March is Poison Prevention Awareness Month. According to the Pet Poison Hotline, fifty percent of the calls they receive are situations where an item that was not toxic to a person was ingested and was toxic to pets.
Let’s take a look at the top categories of potential toxins and identify ways to keep your pets safe:
- Xylitol. This is a substance in many sugarless products that is toxic to pets. It can be found in anything from sugar-free gums, mints, and even peanut butter. Symptoms that you may notice include vomiting, weakness, difficulty walking, tremors and seizures.
- Medications. Human medications can have lots of adverse impacts on your pets. From red blood cell damage to neurological problems, make sure to keep all human medications safely stored away from pets and small children.
- Flowers. With Easter around the corner, lilies are one type of flower that pets should not be exposed to as they can be toxic. If you have tulip or daffodil bulbs, keep an eye out for pets that like to eat them. These can also cause illness.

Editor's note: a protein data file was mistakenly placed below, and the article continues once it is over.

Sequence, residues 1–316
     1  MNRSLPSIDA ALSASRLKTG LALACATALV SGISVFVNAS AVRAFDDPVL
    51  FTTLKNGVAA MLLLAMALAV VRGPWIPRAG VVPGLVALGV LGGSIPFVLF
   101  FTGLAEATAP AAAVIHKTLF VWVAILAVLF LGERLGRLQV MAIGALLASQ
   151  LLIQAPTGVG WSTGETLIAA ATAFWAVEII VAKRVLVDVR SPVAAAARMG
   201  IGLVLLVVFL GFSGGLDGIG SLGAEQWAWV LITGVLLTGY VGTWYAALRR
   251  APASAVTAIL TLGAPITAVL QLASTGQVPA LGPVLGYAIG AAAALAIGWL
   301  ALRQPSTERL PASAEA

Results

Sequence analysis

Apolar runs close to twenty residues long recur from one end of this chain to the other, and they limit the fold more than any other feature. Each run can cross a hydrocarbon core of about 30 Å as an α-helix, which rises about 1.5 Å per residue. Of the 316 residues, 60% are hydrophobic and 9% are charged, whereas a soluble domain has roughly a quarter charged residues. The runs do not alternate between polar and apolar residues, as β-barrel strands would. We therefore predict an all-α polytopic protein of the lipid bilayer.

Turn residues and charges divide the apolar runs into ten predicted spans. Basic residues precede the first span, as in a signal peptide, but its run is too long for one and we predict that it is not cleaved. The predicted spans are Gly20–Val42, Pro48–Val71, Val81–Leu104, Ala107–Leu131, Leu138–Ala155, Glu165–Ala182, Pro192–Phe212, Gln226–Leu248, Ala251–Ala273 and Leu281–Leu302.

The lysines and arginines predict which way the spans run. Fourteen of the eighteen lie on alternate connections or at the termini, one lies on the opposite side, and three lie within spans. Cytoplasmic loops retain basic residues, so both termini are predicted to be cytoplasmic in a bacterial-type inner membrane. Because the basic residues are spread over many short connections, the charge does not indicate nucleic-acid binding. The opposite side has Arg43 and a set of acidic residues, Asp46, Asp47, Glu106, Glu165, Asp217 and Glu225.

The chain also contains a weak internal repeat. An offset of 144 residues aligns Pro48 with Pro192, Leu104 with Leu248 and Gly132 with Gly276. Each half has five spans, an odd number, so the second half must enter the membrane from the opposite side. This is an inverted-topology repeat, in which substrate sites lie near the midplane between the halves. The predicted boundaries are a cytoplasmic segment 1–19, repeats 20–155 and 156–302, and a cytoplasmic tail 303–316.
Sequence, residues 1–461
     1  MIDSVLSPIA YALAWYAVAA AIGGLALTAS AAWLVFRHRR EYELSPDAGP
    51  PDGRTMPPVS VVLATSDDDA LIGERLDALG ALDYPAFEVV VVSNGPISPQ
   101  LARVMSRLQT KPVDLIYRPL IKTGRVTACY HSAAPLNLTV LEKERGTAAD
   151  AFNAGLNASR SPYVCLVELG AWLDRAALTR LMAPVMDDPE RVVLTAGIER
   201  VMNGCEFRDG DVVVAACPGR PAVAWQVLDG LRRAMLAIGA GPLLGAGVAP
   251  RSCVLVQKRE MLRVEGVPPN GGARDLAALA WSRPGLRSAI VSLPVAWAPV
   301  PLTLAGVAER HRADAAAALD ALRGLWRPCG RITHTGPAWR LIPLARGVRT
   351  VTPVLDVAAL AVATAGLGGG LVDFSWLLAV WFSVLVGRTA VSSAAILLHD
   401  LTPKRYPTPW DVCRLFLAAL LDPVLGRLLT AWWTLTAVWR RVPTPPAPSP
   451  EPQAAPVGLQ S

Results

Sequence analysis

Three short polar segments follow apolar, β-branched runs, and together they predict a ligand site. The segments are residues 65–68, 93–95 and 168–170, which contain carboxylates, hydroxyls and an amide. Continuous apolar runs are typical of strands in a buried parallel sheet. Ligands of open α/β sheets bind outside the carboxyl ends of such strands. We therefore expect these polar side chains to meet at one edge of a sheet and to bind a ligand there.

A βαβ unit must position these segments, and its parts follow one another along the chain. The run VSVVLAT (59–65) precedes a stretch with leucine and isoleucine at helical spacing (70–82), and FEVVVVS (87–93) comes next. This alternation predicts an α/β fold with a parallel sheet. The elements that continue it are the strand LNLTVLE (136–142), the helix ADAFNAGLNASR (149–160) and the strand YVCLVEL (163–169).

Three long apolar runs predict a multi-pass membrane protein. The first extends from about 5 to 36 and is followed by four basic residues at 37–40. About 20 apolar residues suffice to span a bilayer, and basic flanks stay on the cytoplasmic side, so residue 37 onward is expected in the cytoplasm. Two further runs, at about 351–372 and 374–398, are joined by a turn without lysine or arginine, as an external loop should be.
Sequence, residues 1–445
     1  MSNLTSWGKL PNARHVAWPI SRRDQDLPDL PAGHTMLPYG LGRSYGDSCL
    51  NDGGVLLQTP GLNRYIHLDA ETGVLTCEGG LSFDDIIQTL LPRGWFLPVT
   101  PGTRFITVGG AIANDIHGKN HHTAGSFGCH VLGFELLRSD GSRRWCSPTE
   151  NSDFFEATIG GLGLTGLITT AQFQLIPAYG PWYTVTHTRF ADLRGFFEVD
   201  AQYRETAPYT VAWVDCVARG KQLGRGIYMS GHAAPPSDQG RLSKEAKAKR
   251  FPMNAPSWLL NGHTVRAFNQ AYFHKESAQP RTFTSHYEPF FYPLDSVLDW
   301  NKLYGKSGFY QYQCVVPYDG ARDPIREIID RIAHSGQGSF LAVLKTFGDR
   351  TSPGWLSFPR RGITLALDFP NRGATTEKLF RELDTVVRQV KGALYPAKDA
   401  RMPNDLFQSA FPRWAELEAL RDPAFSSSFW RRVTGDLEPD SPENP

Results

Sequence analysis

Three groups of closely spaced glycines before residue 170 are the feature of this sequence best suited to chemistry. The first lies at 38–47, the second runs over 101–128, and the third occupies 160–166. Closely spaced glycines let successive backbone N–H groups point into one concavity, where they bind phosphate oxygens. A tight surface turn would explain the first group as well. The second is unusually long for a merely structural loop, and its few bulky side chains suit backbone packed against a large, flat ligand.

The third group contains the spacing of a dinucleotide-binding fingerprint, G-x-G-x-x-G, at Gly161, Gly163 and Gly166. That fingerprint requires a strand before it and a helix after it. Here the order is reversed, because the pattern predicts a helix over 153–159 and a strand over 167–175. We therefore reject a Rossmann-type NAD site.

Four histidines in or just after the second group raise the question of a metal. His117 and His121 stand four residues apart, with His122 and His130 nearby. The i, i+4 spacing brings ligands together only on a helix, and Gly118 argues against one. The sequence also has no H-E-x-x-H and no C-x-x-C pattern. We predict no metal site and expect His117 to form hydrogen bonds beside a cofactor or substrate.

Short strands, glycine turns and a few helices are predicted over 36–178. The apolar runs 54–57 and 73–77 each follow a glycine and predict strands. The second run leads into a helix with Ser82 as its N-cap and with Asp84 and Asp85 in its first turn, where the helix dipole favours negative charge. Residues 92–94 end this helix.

- Chocolate. In keeping with our Easter theme, those chocolate bunnies can be bad news. The real danger is in the darker and more bitter chocolate as it contains a chemical compound related to caffeine. If you pet ingests these types of chocolates, or you think it might be possible, watch symptoms such as vomiting, diarrhea, hyperactivity, abnormal heart rhythm, and seizures. Death is a possibility to seek medical attention promptly if you think your pet has eaten chocolates.
- Pest Control and Fertilizers. You might be preparing for vermin and gardening, but keep your materials out of the pathway of your pets. Some items can be fatal in small doses, so don’t take any chances.
If you do need immediate assistance with possible poison situations, contact your local veterinarian’s office or reach out to either the Pet Poison Helpline at 800-213-6680 or contact the Animal Poison Control Center at 888-426-4435.